I haven’t posted in a while… my priorities lately have not included blogging.  Luckily I’m still getting plenty of hits from people who search 30 Day Shred, Annette Funicello, and “Gremlin Anniversary Wishes.”  WHAT ARE GREMLIN ANNIVERSARY WISHES?

Anyway, I read an “open letter” yesterday that left me appropriately outraged.  In case you don’t want to read the letter, here’s the synopsis:  The author is pissed at her niece for being a “picky eater.”  She believes her niece is missing out on the wonders of the world (including discovering that one type of tomato is apparently superior to another) and essentially pins the whole “problem” on her sister’s parenting skills/lack of ability to travel the world.

1. I am not a parent.
2. I am not an aunt.
3. I have a really big problem with people who confuse the two titles.

I’m a lifelong picky eater, so I have to take issue with this “letter” (and not just because I believe the blogger wrote it more to embarrass her sister than to impact her niece).  I definitely took a long time to come around to some things, and sometimes my parents were really annoyed with my eating habits, for certain.  My father once told me I couldn’t order salad at a restaurant anymore until I learned to use dressing.  My friends teased me for ordering plain steamed rice at Chin’s (the local Chinese restaurant where seemingly everyone had birthday dinners).  I actually CRIED when my parents took me to a Mexican restaurant… when I was 15.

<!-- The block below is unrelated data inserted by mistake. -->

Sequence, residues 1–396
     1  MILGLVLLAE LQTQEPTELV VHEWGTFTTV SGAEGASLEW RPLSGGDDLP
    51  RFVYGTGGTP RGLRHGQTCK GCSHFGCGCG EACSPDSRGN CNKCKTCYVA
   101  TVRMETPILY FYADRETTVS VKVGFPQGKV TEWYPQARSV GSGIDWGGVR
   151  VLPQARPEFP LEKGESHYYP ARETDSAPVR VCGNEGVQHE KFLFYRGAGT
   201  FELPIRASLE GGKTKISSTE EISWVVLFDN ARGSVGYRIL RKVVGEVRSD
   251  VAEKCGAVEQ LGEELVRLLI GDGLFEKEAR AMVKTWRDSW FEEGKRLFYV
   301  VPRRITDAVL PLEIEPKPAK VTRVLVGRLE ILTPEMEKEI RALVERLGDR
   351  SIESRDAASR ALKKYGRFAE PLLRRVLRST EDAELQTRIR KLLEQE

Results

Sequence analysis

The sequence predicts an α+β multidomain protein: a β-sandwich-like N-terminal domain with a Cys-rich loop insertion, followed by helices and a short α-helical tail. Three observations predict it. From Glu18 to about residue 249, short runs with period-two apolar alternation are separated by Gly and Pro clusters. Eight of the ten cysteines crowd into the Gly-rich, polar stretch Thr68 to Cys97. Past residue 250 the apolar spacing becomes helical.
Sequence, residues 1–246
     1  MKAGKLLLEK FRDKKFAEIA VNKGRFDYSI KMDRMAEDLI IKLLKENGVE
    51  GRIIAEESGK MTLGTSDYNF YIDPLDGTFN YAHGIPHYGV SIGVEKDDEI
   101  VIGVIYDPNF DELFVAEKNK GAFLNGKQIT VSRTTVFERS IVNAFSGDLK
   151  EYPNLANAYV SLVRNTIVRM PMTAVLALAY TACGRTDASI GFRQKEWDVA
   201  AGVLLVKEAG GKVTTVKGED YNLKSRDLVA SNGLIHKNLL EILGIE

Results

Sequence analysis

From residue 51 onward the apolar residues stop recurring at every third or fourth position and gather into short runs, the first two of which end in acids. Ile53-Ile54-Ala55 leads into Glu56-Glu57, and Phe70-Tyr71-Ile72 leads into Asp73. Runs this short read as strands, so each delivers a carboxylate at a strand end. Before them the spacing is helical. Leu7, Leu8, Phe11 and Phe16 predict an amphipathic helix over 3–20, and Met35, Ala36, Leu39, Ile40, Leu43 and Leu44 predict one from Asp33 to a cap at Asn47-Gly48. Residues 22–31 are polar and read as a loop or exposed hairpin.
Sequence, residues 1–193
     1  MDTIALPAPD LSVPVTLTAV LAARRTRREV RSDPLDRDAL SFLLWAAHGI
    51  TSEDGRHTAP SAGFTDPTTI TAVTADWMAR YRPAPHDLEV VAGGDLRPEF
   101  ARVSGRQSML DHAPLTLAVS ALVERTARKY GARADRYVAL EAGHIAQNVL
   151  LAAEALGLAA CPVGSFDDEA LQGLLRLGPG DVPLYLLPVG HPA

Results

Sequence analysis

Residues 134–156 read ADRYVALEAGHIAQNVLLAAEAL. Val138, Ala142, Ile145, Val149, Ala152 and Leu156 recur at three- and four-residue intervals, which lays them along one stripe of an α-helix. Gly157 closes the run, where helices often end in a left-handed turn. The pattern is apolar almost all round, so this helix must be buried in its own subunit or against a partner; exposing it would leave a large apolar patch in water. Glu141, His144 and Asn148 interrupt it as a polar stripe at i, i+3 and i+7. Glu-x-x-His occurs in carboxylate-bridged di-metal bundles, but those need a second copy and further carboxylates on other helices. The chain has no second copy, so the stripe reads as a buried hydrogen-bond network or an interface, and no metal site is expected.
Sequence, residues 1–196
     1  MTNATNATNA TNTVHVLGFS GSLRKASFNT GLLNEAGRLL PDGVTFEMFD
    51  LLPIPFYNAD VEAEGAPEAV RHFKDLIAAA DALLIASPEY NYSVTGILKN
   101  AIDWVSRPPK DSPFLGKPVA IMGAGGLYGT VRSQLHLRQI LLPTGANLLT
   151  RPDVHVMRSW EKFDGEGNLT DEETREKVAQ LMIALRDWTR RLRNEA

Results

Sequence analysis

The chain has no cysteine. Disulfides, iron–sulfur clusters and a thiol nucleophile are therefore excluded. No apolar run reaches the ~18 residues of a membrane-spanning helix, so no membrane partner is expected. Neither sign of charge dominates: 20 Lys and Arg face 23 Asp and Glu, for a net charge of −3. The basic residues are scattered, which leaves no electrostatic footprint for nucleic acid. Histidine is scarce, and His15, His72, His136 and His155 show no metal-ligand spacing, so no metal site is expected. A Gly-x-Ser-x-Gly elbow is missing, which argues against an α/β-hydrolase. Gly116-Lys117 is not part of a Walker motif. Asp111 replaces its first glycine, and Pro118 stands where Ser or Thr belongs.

Growing up, I called myself a purist and used as few condiments (seasonings, sauces, AND spices included) as possible.  I was totally happy with it, and while my parents did make me TRY new things, they also knew that they could only change so much about my eating habits.  They taught me to be polite and eat what I was served, even if I didn’t really like it, but they also didn’t try to force me to actually like the stuff.

Even now, I’m still pretty picky, but I’ve grown to like some things I thought I would NEVER like (and even some things my parents don’t like!).  Did anyone force me into liking hummus or kimchi?  No.  I just kept being polite and eating what was presented to me… and, lo and behold, I began to like some new dishes.  My husband still calls me “the lieutenant in the war against flavor” because I think peppers are gross and grits are terrible, but I’m working on it.

Anyway, back to the article.

One thing we picky eaters are is stubborn, and the best way to get us to hate (or refuse to try) a food is to try to shame us out of our pickiness.  We are happy the way we are.  The young niece of the author?  Totally happy being picky, I’m sure.  I don’t know her, but I don’t think she’s just sitting there waiting for her Auntie to ride in on a white horse to save her from her bland palate.  If her aunt would just let her discover things on her own, she might grow to like them.

But just based on reading this article, I hope the girl plays the super-picky card anytime she’s at her aunt’s house for dinner.  Hell, if I was the author’s sister, I’d be encouraging my kid to play it up just to bother Auntie Know-it-all.  It’d serve her right.

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